Recent events have shown that the American financial system is not as robust as its advocates
claim. The system’s so-called checks and balances have failed to avert the financial crisis that
has engulfed the country’s leading commercial banks, insurance companies and investment
The failure of the American financial giants means that the growth prospects of America will be
affected. Many of our industries, especially in the service sector, depend on markets in the US
and could be affected. Outsourcing industry, which depends on the level of demand in the US
and Europe, may take a hit.
Sparked by sub-prime crisis
In recent years the American financial system has encountered serious problems. Some of these
arose as a result of the sub-prime crisis, followed by fall in house prices and exploitation by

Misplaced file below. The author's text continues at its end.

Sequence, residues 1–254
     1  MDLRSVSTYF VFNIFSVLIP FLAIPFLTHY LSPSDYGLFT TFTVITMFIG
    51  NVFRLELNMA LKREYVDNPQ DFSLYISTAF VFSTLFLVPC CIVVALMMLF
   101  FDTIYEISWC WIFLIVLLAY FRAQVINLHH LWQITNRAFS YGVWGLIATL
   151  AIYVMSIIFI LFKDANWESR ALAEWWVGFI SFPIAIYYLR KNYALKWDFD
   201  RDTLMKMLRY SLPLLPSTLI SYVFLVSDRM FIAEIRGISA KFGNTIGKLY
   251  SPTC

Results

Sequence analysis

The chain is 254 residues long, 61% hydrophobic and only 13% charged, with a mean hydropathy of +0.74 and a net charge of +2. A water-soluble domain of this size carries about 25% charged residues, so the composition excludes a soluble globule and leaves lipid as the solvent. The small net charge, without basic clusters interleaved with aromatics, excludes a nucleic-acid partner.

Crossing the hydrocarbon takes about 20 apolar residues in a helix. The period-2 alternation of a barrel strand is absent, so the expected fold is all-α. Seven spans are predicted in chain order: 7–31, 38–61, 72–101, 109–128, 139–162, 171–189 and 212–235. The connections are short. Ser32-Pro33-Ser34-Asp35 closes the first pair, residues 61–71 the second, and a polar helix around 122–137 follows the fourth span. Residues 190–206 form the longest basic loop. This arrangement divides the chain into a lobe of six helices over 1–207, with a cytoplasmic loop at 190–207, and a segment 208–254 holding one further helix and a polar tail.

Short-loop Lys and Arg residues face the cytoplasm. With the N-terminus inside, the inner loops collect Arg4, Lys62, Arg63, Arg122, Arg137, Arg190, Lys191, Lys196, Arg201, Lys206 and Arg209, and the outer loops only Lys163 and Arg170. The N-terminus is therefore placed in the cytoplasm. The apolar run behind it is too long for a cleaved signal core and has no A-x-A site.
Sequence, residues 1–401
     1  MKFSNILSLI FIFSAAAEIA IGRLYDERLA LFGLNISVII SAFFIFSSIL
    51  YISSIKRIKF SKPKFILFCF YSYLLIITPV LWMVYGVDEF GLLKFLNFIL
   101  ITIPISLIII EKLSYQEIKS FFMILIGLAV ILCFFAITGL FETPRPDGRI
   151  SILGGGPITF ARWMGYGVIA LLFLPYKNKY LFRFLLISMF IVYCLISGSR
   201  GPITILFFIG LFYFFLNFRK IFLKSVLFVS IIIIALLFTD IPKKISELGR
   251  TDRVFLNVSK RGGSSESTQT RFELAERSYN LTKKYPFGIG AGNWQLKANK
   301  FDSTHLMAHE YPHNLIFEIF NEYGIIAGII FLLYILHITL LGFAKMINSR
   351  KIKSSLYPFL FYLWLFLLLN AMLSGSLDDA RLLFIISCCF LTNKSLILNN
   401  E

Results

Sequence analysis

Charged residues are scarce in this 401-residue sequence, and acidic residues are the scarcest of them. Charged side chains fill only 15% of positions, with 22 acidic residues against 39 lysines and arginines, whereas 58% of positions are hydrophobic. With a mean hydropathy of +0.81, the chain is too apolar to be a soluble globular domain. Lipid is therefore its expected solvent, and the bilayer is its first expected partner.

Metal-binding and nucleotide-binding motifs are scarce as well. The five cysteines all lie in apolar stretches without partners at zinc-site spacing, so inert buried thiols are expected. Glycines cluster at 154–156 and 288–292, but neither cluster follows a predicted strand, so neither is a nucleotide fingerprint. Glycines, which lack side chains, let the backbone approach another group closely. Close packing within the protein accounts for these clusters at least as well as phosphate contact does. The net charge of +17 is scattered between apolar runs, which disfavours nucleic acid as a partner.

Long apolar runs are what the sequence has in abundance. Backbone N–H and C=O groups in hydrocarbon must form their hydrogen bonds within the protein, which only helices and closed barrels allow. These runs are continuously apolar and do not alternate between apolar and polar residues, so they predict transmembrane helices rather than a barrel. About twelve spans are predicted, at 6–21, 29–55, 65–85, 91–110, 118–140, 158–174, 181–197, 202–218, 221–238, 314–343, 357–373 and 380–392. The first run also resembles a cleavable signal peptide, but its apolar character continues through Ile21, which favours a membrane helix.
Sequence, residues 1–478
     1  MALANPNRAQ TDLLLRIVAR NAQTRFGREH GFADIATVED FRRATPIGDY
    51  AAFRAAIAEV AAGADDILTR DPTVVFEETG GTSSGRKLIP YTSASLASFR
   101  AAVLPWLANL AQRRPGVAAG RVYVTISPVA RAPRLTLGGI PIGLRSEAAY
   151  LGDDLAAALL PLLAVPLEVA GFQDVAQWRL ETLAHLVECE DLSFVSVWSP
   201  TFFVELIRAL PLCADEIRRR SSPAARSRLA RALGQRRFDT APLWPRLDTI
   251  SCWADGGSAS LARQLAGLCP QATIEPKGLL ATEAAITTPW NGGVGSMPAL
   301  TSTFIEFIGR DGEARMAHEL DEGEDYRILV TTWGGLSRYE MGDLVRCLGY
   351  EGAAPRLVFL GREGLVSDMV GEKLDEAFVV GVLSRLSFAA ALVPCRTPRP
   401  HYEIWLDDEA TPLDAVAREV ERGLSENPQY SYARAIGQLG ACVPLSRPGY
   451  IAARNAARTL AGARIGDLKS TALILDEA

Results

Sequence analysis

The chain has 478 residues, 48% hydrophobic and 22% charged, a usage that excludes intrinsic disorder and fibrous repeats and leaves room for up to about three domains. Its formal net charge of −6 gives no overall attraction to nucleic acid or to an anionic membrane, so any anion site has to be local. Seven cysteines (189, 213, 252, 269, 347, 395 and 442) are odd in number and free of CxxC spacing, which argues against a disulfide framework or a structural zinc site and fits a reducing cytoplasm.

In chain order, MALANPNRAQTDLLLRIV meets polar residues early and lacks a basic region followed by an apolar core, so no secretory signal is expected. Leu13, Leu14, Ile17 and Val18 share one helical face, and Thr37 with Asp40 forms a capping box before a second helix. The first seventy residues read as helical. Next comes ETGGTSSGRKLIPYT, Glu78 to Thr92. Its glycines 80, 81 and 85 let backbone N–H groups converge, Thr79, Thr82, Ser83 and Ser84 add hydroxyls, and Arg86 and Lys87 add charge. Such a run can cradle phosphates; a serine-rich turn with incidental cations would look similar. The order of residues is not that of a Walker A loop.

lenders to credulous sub-prime borrowers by offering them loans at initially low interest rates
and subsequently raising the rates. What made matters worse was that the sub-prime loans were
packaged, securitised so to say, and marketed to investment banks.
The investment banks did not, however, have a direct contact with the borrowers. They did not
have a clue as to how reliable the sub-prime borrower was. When defaults started, the investment
banks realised they were getting on worthless securities.
What was worse was that the sub-prime related securities were also invested in by various
international banks, including those in Europe, such as UBS. Many of the banks, which had such
exposures, were persuaded to make such investments because of optimistic rating by various
reputed rating agencies.
The latest episode of failures was led by the collapse of the State Guaranteed Mortgage
Institutions, known as Fannie and Freddie. Apart from the fact that these institutions accounted
for the bulk of the mortgage lending in the US, they were also attracting investments in their debt
securities from various central banks of the world, especially...